Dissertation Title: Gender Ordering in World Athletics: The Evolution of Transnational Regulatory Norms
Doctoral Supervisor: Professor Benedict Kingsbury
Michele Krech is a JSD Candidate at NYU Law, affiliated with the Institute for International Law and Justice. Her research is supported by a SSHRC Doctoral Fellowship and a John P. Humphrey Fellowship in International Human Rights Law and International Organization.
At NYU Law, Michele co-leads the Feminist Legal Theory Reading Group and co-teaches a seminar on Football, FIFA, and the Governance of Transnational Sport. Under the auspices of the Jean Monnet Center for International and Regional Economic Law & Justice, she co-convened a symposium on Football Feminism: Global Governance Perspectives.
A Canadian lawyer, Michele previously clerked at the Court of Appeal for Ontario and the International Court of Justice in The Hague. She holds an LLM in International Legal Studies from NYU, a JD from the University of Ottawa, an MA from the Norman Paterson School of International Affairs (NPSIA) at Carleton University, and a BA in Global Development Studies from Queen’s University.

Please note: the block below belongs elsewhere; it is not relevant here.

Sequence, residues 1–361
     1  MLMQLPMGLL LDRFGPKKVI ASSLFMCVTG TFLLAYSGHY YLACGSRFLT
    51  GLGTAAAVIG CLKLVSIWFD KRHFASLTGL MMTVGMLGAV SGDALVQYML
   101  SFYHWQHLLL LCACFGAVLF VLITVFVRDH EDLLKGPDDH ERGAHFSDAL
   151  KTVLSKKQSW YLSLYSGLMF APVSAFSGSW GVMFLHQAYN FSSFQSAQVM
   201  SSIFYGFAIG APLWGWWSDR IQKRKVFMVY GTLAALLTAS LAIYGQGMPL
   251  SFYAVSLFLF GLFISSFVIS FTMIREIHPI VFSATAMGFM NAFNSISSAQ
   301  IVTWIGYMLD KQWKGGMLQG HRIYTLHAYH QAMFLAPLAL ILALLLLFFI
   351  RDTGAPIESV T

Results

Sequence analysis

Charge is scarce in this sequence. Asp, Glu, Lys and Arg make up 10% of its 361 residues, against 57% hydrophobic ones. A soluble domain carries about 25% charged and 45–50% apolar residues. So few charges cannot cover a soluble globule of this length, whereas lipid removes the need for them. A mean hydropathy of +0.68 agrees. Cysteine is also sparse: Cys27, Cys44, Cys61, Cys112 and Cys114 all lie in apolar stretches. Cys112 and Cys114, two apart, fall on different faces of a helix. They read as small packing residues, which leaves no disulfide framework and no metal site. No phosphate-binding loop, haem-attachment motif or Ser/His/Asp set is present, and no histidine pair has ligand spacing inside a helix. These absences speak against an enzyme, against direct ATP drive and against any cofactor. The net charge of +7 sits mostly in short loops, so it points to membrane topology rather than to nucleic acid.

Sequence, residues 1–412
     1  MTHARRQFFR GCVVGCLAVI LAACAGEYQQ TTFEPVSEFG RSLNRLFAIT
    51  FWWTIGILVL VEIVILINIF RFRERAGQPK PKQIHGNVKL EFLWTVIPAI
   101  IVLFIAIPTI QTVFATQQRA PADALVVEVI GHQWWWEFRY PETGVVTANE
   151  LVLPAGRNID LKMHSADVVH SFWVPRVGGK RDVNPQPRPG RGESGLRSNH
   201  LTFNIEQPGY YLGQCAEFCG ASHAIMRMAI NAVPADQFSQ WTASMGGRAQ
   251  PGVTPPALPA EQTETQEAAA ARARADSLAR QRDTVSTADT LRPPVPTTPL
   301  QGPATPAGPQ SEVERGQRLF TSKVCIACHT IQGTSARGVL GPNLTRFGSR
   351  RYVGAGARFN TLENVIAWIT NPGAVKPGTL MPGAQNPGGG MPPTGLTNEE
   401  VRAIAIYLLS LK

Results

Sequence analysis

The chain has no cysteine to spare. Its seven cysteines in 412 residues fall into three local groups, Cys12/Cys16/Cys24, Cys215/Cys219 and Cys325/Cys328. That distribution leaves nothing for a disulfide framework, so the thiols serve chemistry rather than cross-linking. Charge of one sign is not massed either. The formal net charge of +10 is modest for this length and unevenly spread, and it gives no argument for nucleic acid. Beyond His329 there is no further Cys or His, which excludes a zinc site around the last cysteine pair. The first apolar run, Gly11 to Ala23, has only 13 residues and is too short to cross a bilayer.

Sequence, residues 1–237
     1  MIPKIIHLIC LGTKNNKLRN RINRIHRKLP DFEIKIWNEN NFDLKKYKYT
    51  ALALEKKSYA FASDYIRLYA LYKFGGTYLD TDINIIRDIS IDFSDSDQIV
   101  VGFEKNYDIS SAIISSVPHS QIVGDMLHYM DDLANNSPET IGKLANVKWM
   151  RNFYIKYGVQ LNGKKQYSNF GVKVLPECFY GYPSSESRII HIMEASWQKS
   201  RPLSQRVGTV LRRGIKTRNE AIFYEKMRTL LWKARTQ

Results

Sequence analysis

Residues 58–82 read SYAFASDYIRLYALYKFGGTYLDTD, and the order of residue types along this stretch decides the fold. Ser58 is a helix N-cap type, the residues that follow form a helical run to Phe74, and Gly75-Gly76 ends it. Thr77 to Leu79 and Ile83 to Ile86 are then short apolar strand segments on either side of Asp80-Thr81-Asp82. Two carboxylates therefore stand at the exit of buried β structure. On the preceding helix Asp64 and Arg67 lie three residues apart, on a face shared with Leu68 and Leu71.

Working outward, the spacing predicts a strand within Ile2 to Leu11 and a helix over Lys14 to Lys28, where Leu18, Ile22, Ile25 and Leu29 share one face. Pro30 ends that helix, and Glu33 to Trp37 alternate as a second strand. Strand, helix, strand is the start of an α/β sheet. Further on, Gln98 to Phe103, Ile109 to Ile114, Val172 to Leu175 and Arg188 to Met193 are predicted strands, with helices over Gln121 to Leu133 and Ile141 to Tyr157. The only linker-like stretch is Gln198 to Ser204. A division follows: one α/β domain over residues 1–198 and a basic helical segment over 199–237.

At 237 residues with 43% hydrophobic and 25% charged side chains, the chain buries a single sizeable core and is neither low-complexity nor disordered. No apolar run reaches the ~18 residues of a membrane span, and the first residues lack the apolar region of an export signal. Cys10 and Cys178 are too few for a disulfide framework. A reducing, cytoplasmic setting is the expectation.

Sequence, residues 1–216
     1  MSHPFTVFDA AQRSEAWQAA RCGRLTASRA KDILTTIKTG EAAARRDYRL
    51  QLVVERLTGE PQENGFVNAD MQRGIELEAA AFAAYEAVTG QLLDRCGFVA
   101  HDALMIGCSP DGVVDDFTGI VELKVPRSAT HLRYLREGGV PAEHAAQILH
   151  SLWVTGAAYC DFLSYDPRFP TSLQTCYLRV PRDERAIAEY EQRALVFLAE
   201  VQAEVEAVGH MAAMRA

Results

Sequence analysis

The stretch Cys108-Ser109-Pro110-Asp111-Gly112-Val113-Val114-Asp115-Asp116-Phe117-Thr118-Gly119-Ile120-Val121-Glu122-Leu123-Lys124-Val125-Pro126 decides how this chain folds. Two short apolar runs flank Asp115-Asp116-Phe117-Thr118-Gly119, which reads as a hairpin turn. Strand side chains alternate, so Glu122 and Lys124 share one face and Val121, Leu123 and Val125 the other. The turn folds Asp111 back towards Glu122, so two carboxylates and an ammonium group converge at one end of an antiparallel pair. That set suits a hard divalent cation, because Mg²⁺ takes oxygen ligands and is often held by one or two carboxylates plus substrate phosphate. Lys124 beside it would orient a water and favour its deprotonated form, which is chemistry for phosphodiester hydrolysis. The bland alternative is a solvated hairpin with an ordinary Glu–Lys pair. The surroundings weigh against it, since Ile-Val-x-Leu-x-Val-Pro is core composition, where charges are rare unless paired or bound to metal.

Michele’s research interests span international and transnational law, global governance and institutions, human rights and equality law, and critical legal studies. She is particularly interested in the construction, operation, and interaction of rules and norms beyond the (inter)state, as well as related accountability gaps and mechanisms.
Her doctoral project examines normative contestation, continuity, and change within the transnational legal order of World Athletics. It traces the (re)formation of governance structures and processes aimed at incorporating ‘women’ into this hybrid private-public regulatory order, and the resulting (re)production and (re)definition of global norms such as ‘gender equality’.